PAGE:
Beagleboard xM PinMux Ubuntu

Hi, folks!

I'm trying to configure the PinMux configuration of my Beagleboard xM.
There are some introductions like http://elinux.org/BeagleBoardPinMux
around, nevertheless I had to invest days to get it running the first
time and it's still not the way I'd wish. Thant's why I decided to
condense all Ubuntu+BBxM+PinMux specific information I found so far
combined with all my questions...
I'd be very happy for some tips, if I got something wrong please
correct this as well.
I'm a Linux beginner, that's why I have to ask some questions which
may be banal for you, hope you don't mind...
[I'm using BeagleBoard xM Rev. B, running Ubuntu 11.10 from the
prebuild image of Robert Nelson http://elinux.org/BeagleBoardUbuntu#Oneiric_11.10
, and xubuntu-desktop GUI, hopping to find a way to adopt this for my
needs. For compiling/preparing microSD-card I'm using a machine
running Ubuntu 10.10]

I came across three possibilities for PinMux/pin value manipulation
and some pros and cons for each:
[1]>>>u-boot-PinMux<<<
  Default settings of boatloader, used if the CONFIG_OMAP_MUX flag is
not set/defined.
  For changes you need to edit the u-boot boatloader source files,
rebuild it and then replace the existing
        u-boot.bin on the microSD-card
[1.1] + easy to configure with the help of TI's PinMux Utility (for
Windows)
[1.2] + compiling u-boot can be done in a few minutes (unlike
rebuilding the kernel)
  + permanent changes
[1.3] - uboot is corresponding to the kernel you are using, where
necessary
  - without PinMux Utility manipulation needs to be done carefully
          (http://elinux.org/
BeagleBoardPinMux#A_word_of_warning_about_beagle.h )

Hi, folks!

I'm trying to configure the PinMux configuration of my Beagleboard xM.
There are some introductions like BeagleBoardPinMux - eLinux.org
around, nevertheless I had to invest days to get it running the first
time and it's still not the way I'd wish. Thant's why I decided to
condense all Ubuntu+BBxM+PinMux specific information I found so far
combined with all my questions...
I'd be very happy for some tips, if I got something wrong please
correct this as well.
I'm a Linux beginner, that's why I have to ask some questions which
may be banal for you, hope you don't mind...
[I'm using BeagleBoard xM Rev. B, running Ubuntu 11.10 from the
prebuild image of Robert Nelson BeagleBoardUbuntu - eLinux.org
, and xubuntu-desktop GUI, hopping to find a way to adopt this for my
needs. For compiling/preparing microSD-card I'm using a machine
running Ubuntu 10.10]

I came across three possibilities for PinMux/pin value manipulation
and some pros and cons for each:
[1]>>>u-boot-PinMux<<<
Default settings of boatloader, used if the CONFIG_OMAP_MUX flag is
not set/defined.
For changes you need to edit the u-boot boatloader source files,
rebuild it and then replace the existing
u-boot.bin on the microSD-card
[1.1] + easy to configure with the help of TI's PinMux Utility (for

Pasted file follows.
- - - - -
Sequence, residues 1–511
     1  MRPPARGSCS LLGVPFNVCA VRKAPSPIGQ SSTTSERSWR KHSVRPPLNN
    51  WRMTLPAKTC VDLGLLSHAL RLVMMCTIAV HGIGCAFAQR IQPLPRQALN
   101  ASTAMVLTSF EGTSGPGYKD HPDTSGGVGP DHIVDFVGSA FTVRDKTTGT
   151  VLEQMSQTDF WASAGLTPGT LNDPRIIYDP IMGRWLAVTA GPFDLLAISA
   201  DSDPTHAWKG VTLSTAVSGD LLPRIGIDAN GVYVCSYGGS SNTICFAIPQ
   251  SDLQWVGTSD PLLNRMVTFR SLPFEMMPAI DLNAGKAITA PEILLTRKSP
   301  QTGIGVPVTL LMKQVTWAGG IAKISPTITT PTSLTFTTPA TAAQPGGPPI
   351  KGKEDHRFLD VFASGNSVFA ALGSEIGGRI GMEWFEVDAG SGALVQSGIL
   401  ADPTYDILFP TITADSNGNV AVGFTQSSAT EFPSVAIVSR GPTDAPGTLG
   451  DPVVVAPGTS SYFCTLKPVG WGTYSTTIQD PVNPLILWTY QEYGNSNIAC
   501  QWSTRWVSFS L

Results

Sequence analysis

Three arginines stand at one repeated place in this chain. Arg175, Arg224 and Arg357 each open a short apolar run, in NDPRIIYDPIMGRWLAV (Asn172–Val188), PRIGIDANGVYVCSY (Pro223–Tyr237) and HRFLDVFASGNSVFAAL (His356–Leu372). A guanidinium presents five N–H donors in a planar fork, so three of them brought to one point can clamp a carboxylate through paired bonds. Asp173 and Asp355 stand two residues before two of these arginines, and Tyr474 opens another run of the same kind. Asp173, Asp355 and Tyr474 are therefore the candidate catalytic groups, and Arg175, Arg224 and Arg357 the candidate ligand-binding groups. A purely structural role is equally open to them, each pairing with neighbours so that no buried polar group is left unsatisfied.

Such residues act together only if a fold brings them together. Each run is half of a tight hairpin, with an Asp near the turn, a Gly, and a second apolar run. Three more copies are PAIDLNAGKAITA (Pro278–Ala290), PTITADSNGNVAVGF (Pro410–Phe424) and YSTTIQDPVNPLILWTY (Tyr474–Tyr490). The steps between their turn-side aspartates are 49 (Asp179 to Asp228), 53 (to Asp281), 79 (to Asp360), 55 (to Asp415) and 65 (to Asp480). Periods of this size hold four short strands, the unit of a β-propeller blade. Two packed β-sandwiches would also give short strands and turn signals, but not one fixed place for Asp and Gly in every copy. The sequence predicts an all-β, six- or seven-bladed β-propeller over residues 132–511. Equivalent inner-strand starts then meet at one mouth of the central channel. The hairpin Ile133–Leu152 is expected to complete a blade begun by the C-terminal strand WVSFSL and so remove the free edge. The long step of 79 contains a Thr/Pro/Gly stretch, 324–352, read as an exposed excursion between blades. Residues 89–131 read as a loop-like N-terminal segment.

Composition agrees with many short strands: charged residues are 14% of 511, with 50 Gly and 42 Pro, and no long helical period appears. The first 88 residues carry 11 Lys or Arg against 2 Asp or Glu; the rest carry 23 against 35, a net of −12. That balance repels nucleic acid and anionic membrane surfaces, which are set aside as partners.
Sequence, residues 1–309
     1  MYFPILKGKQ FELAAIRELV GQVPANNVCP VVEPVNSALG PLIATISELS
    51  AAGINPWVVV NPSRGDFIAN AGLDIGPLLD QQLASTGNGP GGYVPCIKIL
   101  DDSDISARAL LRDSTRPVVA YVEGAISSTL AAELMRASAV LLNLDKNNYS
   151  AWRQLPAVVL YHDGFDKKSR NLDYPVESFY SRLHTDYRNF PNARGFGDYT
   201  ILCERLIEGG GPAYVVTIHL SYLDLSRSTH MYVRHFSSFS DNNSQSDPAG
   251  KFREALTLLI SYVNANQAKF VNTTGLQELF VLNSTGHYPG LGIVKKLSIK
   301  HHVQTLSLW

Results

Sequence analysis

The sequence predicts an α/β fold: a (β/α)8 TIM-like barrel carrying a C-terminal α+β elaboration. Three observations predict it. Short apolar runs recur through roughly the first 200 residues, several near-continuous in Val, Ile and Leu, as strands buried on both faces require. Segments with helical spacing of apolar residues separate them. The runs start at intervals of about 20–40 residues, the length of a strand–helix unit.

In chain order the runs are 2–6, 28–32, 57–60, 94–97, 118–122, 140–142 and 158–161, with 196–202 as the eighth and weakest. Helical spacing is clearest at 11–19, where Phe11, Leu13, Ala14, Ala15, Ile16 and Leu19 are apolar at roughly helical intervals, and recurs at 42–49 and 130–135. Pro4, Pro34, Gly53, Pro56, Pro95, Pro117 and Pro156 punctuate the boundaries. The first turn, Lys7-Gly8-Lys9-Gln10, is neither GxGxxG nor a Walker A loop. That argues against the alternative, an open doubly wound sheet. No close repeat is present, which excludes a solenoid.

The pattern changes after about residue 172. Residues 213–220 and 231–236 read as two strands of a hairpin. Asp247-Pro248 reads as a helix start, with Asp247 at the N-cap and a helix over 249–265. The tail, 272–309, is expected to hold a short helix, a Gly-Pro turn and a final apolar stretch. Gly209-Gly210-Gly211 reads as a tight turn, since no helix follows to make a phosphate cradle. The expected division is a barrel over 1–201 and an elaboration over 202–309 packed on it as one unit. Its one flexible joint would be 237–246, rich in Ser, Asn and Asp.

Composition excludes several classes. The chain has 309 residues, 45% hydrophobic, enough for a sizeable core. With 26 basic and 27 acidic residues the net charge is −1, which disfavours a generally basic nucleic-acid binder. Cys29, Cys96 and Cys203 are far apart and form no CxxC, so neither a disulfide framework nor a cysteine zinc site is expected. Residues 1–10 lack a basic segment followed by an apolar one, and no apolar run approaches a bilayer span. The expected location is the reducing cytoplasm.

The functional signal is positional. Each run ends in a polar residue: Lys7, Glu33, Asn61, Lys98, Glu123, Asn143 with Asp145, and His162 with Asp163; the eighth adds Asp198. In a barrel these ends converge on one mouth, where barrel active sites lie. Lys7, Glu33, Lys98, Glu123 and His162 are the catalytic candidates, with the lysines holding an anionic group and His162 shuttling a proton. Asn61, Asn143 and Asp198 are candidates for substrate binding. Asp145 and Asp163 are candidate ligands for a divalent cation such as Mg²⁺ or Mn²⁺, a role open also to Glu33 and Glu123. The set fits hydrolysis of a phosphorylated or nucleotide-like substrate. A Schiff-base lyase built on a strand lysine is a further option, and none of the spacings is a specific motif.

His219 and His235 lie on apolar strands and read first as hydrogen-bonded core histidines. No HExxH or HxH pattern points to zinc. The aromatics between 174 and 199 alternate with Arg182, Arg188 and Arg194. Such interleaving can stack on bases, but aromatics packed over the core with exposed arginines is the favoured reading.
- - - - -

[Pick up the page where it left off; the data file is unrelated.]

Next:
Windows)
[1.2] + compiling u-boot can be done in a few minutes (unlike
rebuilding the kernel)
+ permanent changes
[1.3] - uboot is corresponding to the kernel you are using, where
necessary
- without PinMux Utility manipulation needs to be done carefully
(http://elinux.org/
BeagleBoardPinMux#A_word_of_warning_about_beagle.h )
----------------------------------------------------------------------------------------------------------------------------------------------------
@[1.3] Where can I find the right source files for uboot if using a
prebuild image?
In free-electrons.com/doc/u-boot.pdf I found the advice that [...]The
kernel image that U-Boot loads and boots must be prepared, so that an
U-Boot specific header is added in front of the image […] What does
this mean in my case?

@[1.1] Following the instruction of TI's PinMux Utility, you should:
1) Replace the mux.h header file with the mux.h output file from Pin
Mux Utility
→ in my case found at
…./ubuntu-11.10-r3-minimal-armel/stable-kernel/KERNEL/arch/arm/mach-
omap2/mux.h
2) Copy the pinmux.h output file from Pin Mux Utility into the
directory containing the evm.h file.
→ in my case found at
…./ubuntu-11.10-r3-minimal-armel/stable-kernel/KERNEL/include/config/
i2c/taos
3) Modify the original evm.h file, commenting out or deleting the
original section of code that
makes the pin mux programming macro calls.
→ file was empty in my case !?
4) Replace this code with #include "pinmux.h"
Everything right so far? The elinux-instruction says the changes
should take place in board/ti/beagle/beagle.h (but there the used OS
is openEmbedded)!?

@[1.2]What's the way you would recommend for easy/quick compiling
uboot?
----------------------------------------------------------------------------------------------------------------------------------------------------
[2]>>>Kernel-PinMux<<<
Kernle specific pinMux setting if ONFIG_OMAP_MUX flag is set/defined
[2.1] For changes you need to edit the kernel source files, rebuild it
and then replace the existing uImage on the
microSD-card
For following the instruction BeagleBoardPinMux - eLinux.org
you need to know that BB xM's DM3730 is using CBP Package (?!, btw. I
didn't find differences at the
register names used in CBB package (used by standard BB), but
I only glanced trough …??)
+ permanent changes
+ no need to change u-boot
[2.2] - takes long to compile
----------------------------------------------------------------------------------------------------------------------------------------------------